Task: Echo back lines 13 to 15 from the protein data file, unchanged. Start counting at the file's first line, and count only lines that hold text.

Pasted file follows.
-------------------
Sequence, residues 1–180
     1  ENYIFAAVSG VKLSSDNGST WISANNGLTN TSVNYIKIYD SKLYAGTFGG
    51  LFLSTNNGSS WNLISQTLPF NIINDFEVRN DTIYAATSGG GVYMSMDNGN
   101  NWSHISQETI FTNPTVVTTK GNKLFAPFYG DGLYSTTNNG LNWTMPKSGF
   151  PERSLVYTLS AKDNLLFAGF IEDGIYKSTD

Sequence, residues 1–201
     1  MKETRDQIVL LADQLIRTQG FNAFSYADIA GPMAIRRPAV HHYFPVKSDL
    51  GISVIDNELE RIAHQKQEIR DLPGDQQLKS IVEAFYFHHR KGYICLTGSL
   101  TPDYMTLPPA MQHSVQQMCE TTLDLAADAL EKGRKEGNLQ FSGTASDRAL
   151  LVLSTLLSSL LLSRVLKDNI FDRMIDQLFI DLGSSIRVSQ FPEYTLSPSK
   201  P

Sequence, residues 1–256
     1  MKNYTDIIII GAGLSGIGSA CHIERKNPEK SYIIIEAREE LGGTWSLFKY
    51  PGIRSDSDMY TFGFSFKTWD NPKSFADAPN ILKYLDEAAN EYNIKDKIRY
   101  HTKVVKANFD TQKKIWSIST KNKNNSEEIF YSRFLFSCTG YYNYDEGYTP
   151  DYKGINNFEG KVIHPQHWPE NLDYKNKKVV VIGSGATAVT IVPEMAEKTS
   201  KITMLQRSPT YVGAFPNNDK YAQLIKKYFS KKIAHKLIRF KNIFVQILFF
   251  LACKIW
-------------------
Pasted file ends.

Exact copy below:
     1  MKNYTDIIII GAGLSGIGSA CHIERKNPEK SYIIIEAREE LGGTWSLFKY
    51  PGIRSDSDMY TFGFSFKTWD NPKSFADAPN ILKYLDEAAN EYNIKDKIRY
   101  HTKVVKANFD TQKKIWSIST KNKNNSEEIF YSRFLFSCTG YYNYDEGYTP